Imagine this: a church is doing well, working hard, and making a difference. They develop a reputation for faithfulness, love, and peace. They are, in many ways, an exemplary church. Then something tragic happens: success and prosperity. Problems begin. A general lack of humility permeates the church. The feeling of “having arrived” quenches the fires that once drove the band of believers to greater and greater acts of love. Then people start whispering against the ministers. Not many people, just one or two. But their poisonous gossip is allowed to spread, unchecked, until finally they drive the ministers from the church.
What I have just described is the almost predictable life-cycle of many Baptist churches today. It is also a summary of “The First Epistle of Clement To The Corinthians.” Written somewhere around the end of the first century, this early patristic letter is as relevant today as it was when Clement originally penned it.
Clement is writing from Rome to the church in Corinth. It is possible that he is the Clement mentioned by Paul in Philippians 4:3. If so, he co-labored with Paul and was known by Paul as a faithful worker.
This letter was highly respected by the early church, though it was never canonized. It’s easy to see why. Clement’s appeal to the mythical Phoenix as a natural example of the principle of resurrection was one of the reasons why it was not accepted as holy writ.
The letter itself is fascinating and moving. It’s fascinating, for instance, to hear Clement’s tantalizing statement that Paul was martyred “after preaching both in the east and west…having taught righteousness to the whole world, and come to the extreme limit of the west…” Some see this as an allusion to Paul traveling to Spain, and others think it refers to Paul going to Britain.
The letter contains some beautiful statements on the work of Christ. Clement commends the Corinthians for the fact that, before their fall, “His [Christ’s] sufferings were before your eyes.” Clement believed that the church should be a cross-driven church. “Let us look,” he writes, “steadfastly to the blood of Christ, and see how precious that blood is to God, which, having been shed for our salvation, has set the grace of repentance before the whole world.” Clement speaks of “that redemption” that “flow[s] through the blood of the Lord to all them that believe and hope in God.”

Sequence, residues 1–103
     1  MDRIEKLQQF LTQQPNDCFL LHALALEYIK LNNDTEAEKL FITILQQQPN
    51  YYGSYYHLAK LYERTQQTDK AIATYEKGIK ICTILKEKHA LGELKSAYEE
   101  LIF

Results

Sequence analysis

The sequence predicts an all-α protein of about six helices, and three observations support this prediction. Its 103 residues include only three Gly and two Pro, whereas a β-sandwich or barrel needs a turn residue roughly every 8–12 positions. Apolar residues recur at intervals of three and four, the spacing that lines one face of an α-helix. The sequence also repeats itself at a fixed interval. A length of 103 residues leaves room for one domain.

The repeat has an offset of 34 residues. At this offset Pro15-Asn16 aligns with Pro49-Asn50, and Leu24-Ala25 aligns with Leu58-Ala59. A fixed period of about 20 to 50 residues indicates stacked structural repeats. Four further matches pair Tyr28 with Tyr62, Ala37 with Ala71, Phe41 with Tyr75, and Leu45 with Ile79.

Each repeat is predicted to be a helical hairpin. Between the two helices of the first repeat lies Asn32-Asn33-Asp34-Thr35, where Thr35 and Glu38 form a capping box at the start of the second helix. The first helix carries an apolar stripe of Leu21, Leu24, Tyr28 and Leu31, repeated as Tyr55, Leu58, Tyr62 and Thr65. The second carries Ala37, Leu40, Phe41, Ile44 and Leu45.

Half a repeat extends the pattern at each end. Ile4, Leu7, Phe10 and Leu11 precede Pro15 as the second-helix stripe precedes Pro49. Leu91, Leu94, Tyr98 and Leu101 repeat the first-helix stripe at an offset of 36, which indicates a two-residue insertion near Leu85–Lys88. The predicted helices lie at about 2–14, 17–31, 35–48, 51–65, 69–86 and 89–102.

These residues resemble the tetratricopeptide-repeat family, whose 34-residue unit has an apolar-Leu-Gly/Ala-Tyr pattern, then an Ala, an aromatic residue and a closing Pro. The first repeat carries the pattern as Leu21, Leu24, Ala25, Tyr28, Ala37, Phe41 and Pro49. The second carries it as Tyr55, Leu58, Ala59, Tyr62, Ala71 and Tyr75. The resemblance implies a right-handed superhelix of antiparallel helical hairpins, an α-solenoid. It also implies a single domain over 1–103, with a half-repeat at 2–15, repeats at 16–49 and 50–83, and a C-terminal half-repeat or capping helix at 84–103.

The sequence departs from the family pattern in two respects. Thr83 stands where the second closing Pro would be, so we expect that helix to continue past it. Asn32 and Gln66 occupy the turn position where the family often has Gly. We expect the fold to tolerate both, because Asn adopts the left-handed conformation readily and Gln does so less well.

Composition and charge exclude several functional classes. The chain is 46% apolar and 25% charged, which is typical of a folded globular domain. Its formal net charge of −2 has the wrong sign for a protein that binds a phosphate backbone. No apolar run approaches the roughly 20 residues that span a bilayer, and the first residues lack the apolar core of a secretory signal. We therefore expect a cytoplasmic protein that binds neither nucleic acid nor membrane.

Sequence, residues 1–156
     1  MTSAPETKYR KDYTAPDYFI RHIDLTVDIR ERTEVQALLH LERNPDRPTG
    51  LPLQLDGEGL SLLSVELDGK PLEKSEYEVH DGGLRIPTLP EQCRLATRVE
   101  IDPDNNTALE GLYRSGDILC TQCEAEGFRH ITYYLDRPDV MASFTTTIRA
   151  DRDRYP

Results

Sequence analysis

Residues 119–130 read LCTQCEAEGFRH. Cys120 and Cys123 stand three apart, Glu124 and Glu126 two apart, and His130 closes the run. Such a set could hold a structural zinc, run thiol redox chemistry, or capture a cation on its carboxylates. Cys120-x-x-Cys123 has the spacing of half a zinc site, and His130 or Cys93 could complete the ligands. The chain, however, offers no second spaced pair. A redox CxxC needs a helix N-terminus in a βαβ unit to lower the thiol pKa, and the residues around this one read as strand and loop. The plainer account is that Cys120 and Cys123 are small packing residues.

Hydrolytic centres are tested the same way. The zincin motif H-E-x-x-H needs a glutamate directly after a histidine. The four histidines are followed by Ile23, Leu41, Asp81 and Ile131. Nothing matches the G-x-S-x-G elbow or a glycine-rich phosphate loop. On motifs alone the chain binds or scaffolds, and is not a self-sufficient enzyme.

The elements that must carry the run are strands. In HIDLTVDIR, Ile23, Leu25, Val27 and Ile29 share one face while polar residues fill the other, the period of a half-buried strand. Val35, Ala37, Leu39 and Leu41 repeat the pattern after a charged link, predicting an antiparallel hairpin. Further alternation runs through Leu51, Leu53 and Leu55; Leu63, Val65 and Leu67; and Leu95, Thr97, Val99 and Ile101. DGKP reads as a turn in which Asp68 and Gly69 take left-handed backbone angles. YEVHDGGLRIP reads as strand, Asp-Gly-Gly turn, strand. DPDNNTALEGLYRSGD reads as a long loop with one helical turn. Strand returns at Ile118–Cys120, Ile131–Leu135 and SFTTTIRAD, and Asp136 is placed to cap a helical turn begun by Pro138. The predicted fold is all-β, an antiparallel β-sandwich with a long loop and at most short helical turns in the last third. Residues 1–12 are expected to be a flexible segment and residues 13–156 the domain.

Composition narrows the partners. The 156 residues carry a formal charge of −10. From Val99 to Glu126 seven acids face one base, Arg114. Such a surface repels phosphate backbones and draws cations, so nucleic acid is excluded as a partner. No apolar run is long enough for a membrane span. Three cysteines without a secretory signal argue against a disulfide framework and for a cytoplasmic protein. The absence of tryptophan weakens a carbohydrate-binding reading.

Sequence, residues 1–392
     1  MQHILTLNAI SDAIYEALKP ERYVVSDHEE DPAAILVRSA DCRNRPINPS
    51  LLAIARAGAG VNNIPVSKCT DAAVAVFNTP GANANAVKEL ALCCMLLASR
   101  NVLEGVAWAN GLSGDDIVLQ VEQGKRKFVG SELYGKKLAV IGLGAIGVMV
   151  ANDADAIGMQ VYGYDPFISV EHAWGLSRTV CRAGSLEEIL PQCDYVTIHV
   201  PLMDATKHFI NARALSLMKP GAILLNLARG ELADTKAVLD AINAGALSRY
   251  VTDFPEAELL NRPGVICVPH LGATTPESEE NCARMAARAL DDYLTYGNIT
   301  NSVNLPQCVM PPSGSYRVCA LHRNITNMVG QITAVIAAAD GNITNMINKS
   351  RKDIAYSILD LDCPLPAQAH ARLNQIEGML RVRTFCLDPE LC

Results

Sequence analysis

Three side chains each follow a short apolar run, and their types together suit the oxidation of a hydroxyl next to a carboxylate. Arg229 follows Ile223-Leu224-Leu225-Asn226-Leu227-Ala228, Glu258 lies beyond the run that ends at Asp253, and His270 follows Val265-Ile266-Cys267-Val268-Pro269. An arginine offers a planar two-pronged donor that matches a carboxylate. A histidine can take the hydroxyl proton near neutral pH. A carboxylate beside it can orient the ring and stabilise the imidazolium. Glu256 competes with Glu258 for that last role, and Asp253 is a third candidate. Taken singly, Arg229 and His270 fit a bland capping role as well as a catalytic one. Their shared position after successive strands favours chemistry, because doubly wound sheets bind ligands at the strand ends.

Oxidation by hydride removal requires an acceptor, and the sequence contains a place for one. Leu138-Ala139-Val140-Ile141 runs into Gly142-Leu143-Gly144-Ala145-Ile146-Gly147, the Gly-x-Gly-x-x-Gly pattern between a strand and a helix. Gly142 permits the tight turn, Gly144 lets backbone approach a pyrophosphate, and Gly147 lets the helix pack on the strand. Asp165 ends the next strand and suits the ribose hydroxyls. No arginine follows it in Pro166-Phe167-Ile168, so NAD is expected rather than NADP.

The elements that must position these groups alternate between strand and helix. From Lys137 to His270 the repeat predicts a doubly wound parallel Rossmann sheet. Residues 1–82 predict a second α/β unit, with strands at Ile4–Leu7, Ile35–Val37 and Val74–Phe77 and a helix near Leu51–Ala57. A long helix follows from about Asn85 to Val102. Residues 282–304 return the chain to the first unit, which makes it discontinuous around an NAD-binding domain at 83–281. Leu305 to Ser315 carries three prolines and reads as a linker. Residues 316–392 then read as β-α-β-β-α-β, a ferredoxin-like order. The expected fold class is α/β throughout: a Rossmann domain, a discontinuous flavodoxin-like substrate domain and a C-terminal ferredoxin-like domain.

Ecclesiologically, Clement’s work is significant insofar as he was addressing the expulsion of “some men of excellent behavior from the ministry” by some members of the Corinthian church. There is an early and vague appeal to apostolic succession in Clement’s idea that the “apostles…appointed those [ministers] already mentioned, and afterwards gave instructions, that when these should fall asleep, other approved men should succeed them in their ministry.” Speaker of future generations of ministers, however, Clement says, “We are of opinion, therefore, that those appointed by them, or afterwards by other eminent men, with the consent of the whole Church, and who have blamelessly served the flock of Christ in a humble, peaceable, and disinterested spirit, and have for a long time possessed the good opinion of all, cannot be justly dismissed from the ministry.” [italics added]
There are undeniable traces of congregationalism here, a fact that should temper any concept of succession. It is also interesting that Clement speaks of two offices in the church: bishops and deacons.
This is a letter about church conflict and the damage it causes. “Your schism has subverted [the faith of] many, has discouraged many, has given rise to doubt in many, and has caused grief to us all. And still your sedition continueth.” Clement calls for repentance, love, peace, and a return to a focus on the shed blood of Christ.
Here is a fascinating glimpse into the life of the early post-apostolic church. You will be edified and encouraged by spending some time with Clement. You will also be struck by the truthfulness of the old idea: the more things change, the more they stay the same.